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Teleworking needs a new mindset to spread

The number of office workers who operate remotely continues to increase. However, unless Federal government agencies review their IT support methodology to address availability and compliance issues, they risk missing out on the anticipated productivity and cost advantages.

This according to a September 4, 2006 article in Federal Times by Ray Weadock, president and chief executive officer of Persystent Technologies.

In the article, titled "Right IT Support Helps Teleworkers Stay Productive," Mr. Weadock cites a General Services Administration report identifying remote user support as both a practical and financial hurdle that has hurt widespread adoption of telework initiatives.

Additionally, recent high-profile data compromises involving laptops highlight the need for clearer policy and the process to adhere to that policy regarding data storage.

Persystent believes that the federal government's support methodology must evolve in three areas -- policy, process and performance -- in order to maintain a compliant and efficient remote working environment.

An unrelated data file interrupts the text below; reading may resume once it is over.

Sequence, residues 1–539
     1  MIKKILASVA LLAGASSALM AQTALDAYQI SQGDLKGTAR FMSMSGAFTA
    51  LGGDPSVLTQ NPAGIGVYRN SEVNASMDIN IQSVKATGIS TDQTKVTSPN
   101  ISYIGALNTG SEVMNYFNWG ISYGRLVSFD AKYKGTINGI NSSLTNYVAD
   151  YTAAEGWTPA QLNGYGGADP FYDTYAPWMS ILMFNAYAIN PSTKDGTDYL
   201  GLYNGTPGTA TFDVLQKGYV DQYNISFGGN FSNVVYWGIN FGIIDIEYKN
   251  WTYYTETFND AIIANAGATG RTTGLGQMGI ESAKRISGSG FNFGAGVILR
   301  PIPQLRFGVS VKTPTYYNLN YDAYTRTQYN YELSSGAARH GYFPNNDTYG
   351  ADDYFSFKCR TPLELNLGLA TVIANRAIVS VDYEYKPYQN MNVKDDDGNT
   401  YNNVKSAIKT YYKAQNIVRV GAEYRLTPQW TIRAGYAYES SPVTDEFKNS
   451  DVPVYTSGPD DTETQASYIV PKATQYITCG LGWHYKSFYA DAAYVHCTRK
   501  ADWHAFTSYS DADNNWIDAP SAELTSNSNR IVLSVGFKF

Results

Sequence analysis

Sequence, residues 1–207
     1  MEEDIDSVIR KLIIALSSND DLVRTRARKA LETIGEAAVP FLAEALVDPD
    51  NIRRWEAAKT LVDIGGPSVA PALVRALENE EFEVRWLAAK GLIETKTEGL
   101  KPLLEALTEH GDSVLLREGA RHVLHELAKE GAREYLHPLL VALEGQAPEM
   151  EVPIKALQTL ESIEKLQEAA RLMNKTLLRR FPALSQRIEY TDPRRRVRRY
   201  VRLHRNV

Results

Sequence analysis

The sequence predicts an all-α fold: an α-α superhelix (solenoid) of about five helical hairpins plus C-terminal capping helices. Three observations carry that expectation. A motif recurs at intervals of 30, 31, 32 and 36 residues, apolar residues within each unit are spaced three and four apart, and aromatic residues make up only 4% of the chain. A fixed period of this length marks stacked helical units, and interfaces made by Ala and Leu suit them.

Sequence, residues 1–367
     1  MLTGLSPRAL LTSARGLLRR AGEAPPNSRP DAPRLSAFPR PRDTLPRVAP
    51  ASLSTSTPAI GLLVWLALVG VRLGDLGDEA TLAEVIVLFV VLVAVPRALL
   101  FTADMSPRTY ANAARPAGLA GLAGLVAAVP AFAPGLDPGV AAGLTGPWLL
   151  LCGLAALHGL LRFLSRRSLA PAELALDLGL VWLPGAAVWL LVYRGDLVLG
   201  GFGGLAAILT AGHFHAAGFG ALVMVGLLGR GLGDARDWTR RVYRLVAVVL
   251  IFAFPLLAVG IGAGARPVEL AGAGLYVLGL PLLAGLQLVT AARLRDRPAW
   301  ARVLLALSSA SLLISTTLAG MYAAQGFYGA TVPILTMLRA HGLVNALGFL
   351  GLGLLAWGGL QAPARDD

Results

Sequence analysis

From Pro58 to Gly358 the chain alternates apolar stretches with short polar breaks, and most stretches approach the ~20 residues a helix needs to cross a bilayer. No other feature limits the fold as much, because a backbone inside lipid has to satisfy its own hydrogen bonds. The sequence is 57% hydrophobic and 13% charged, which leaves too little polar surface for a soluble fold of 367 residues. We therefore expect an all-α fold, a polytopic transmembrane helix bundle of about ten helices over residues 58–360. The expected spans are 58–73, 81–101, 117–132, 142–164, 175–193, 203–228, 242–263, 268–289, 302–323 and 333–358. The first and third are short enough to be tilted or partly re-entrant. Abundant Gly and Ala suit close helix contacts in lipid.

"Policy, not technology, serves as the foundation," wrote Mr. Weadock. Every employee, whether they telework or not, must accept personal responsibility for adhering to policies regarding software usage, data storage and other compliance issues.

And agencies must develop clear and universal policies for such activities and then enforce those policies without additional burden to the worker or the IT staff.

Telework and other remote-worker initiatives are here to stay. Government agencies, and any other company or organization supporting remote workers, must change they way they view support, compliance and performance if they plan to reap the productivity and cost savings such a work environment can foster.

Désiré Athow

Désiré has been musing and writing about technology during a career spanning four decades. He dabbled in website building and web hosting when DHTML and frames were en vogue and started writing about the impact of technology on society just before the start of the Y2K hysteria at the turn of the last millennium. Following an eight-year stint at where he discovered the joys of global tech-fests, Désiré now heads up TechRadar Pro. Previously he was a freelance technology journalist at Incisive Media, Breakthrough Publishing and Vnunet, and Business Magazine. He also launched and hosted the first Tech Radio Show on Radio Plus.